By a Newsnet reporter
The Scottish Government’s efforts to reduce the impact of Westminster’s welfare reforms have been acknowledged by Paul Johnson, Director of the Institute for Fiscal Studies (IFS).
Speaking at the Finance Committee on Wednesday March 6, Mr Johnson said that the Council Tax Reduction Scheme “will clearly make things work a bit better here than in some areas of England”.
His comments come on the back of cuts in the Council Tax benefit scheme in some parts of England.
Council tax benefit is the most widely claimed benefit in the UK, with 5.9 million households receiving assistance with their council tax bills. Under the reforms introduced by the Conservative Lib Dem coalition, Westminster's contribution to the benefit will be slashed by 10% and local authorities in England are to be given the power to make their own decision about who qualifies for the benefit.
As a result of the changes a majority of local authorities in England will cut council tax benefit meaning that many of the poorest households will face rises in their bills. Pensioners are to be exempted from the cuts, which will be borne by 3.2 million households where the claimant is of working age.
In 700,000 households receiving council tax benefit, the claimant is working in a low-paid job. Many of these households will now face increased costs on already tight family budgets. Despite this, the Westminster government claims that the cuts are necessary in order to give councils an incentive to "get people into work".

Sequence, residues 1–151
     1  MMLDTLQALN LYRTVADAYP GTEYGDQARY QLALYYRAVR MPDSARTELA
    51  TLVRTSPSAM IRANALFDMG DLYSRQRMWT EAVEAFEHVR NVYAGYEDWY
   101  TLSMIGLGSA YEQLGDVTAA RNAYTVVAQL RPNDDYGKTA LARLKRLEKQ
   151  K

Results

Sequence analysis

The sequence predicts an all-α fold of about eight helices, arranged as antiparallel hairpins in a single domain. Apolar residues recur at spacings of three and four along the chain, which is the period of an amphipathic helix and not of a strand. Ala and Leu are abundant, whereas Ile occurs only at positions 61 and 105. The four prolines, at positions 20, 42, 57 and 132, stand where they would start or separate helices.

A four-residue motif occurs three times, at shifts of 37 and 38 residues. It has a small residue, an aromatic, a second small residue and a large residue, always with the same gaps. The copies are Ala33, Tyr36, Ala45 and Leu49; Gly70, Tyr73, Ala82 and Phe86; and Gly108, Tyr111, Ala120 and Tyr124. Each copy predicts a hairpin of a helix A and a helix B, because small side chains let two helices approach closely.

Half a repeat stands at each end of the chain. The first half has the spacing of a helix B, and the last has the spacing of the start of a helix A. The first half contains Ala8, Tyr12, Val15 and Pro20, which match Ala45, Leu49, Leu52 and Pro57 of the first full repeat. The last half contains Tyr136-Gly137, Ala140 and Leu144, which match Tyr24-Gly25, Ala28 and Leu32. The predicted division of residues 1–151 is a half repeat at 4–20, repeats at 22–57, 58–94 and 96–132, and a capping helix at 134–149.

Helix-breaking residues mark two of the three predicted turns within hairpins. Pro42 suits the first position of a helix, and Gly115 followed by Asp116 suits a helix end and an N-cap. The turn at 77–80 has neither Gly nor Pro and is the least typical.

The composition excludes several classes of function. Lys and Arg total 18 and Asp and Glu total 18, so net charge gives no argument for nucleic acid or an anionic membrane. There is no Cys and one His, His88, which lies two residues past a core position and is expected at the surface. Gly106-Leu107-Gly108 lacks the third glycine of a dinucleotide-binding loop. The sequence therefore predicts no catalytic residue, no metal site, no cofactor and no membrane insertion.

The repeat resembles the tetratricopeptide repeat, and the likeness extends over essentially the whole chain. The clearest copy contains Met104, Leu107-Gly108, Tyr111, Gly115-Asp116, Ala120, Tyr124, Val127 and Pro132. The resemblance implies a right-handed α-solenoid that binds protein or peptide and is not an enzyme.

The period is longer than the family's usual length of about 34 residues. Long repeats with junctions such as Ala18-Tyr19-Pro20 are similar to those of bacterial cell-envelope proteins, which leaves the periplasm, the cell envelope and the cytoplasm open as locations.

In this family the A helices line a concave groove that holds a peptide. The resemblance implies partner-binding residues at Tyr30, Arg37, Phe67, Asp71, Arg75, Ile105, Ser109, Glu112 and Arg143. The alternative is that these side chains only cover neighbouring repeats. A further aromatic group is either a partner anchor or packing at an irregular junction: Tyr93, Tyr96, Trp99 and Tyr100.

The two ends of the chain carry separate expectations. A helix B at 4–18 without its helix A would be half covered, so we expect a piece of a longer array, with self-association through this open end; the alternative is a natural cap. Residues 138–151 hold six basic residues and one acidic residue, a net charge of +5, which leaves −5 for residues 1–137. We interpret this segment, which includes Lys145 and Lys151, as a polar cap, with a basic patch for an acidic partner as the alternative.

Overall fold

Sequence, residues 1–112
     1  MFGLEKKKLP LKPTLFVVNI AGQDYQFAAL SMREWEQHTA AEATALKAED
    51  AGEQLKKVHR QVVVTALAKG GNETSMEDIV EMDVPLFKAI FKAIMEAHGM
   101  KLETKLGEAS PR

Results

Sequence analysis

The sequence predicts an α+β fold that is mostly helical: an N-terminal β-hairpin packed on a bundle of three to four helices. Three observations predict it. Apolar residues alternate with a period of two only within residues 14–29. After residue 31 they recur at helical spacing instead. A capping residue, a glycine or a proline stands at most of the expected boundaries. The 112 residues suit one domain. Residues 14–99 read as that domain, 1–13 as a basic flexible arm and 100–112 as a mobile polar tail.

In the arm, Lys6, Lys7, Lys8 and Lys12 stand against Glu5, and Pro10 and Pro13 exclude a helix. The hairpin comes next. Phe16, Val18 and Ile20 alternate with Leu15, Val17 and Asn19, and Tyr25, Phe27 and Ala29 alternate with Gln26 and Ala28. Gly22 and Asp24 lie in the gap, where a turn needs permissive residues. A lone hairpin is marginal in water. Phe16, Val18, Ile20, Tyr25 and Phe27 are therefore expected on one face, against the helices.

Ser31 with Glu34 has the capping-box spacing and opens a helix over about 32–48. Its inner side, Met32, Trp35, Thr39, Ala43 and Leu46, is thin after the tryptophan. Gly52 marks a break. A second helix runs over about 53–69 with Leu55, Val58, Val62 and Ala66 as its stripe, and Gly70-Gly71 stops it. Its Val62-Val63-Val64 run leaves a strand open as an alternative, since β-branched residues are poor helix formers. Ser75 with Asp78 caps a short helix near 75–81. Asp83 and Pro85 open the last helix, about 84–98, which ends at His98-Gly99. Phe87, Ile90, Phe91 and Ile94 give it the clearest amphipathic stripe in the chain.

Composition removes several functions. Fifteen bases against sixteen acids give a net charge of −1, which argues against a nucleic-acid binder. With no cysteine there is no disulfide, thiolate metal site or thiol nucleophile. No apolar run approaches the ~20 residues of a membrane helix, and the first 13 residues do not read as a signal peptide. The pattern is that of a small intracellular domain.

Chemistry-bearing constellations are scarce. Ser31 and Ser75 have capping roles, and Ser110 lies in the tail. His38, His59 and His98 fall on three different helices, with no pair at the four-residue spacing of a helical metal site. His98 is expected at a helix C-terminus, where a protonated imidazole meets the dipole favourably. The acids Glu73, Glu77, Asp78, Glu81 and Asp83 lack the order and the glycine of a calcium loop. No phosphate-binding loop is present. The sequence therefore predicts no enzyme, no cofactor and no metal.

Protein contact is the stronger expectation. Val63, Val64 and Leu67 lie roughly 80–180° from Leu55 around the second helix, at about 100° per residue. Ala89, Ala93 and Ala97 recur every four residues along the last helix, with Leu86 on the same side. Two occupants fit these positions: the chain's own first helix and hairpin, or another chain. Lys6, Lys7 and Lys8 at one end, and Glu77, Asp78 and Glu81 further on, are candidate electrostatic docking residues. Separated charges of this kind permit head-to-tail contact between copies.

In Scotland and Wales, the devolved governments have announced that they will absorb the 10% cut imposed by Westminster in order to protect existing levels of benefit. 51 local authorities in England have also taken the same step. In the remaining 125 local authorities in England, council tax bills for the poorest households will increase. In some areas, claimants will face council tax bill increases of 20%.
Jamie Hepburn MSP, Deputy Convener of the Welfare Reform Committee, said:
“This is an important contribution by the Institute for Fiscal Studies Director, confirming that Scottish Government scheme will mitigate the worst of the Westminster council tax benefit cut, whereas south of the border people will have little protection in certain areas.
“Mr Johnson’s comments follow that of Citizens Advice Scotland who earlier in the year said that the welfare system is being 'ripped asunder' following Westminster’s welfare cuts.
“Never has it been clearer that a Yes vote in next year’s referendum is vital to the future of Scotland and its people.
"As the official figures show, public spending on key provisions such as benefits and pensions is a LOWER share of Scotland's GDP than it is for the UK as a whole - 42.7% of GDP in Scotland, compared to UK's 45.5% - which means that welfare spending is MORE affordable for Scotland.
"To keep the benefits of the welfare state, Scotland needs to have the powers of an independent country with a Yes vote in the referendum - not be governed by the Tory Bullingdon Club."